We've devoted several columns, including the past three, to networking generally and getting in the door for exciting opportunities. Much of that discussion correctly focuses on helping others, listening and avoiding a self-promotional mindset.
For a formal job interview, you need to switch gears. This is now a competition, pure and simple, and there is no prize for second place. I've placed well over 100 attorneys into inside counsel positions, and along the way, my thoughts on what it takes to win have crystallized.
You accomplish likeability with short answers. Long answers psychologically send the death knell message that you will be needy. They also run the risk of boring your audience. If you get one critical take-away from this column, it's to avoid lawyerly speechmaking. You also become likeable in more superficial ways. Excellent posture, eye contact, a smile, self-assuredness (but not cocky) and even humor (but not sarcasm) will help you win. If this kind of demeanor does not come naturally to you, invest in interview training with a good career coach. I can refer you to one if you wish.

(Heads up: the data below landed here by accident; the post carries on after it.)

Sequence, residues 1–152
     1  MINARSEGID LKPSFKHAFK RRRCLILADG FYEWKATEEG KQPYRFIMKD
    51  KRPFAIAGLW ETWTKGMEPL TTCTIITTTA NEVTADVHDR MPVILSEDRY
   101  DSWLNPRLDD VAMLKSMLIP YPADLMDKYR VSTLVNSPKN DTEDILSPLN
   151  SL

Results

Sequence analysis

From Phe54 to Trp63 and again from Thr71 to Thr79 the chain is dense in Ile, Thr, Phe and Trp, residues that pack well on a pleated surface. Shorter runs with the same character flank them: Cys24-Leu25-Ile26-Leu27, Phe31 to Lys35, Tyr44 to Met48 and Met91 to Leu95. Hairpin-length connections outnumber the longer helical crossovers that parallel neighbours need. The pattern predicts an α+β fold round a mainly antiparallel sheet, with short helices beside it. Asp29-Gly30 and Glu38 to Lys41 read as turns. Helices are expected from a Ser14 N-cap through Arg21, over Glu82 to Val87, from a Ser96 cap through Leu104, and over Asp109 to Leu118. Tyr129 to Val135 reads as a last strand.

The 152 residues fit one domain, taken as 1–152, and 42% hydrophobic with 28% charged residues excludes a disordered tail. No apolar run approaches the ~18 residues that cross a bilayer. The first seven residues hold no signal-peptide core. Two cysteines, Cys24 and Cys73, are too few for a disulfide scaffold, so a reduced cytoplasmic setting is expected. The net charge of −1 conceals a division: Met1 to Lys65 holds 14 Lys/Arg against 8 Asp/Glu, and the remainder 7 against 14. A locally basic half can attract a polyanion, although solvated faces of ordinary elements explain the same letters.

Now, here is the main difference between networking and interviewing. In both situations, you want to ask intelligent questions that demonstrate an interest in the other person and her company. In both cases, you want to listen well and hopefully connect on one or more life experience commonalities. In networking, however, it's all about the other person. But in an interview, it's correct and powerful to say things like, "I know I would excel in this position," and/or "Your opportunity fits ideally with my career goals," and/or "I would welcome this challenge." You get the idea. Be sure to highlight your best examples of relevant experience. Get your competitive juices flowing and persuade the interviewer to choose you.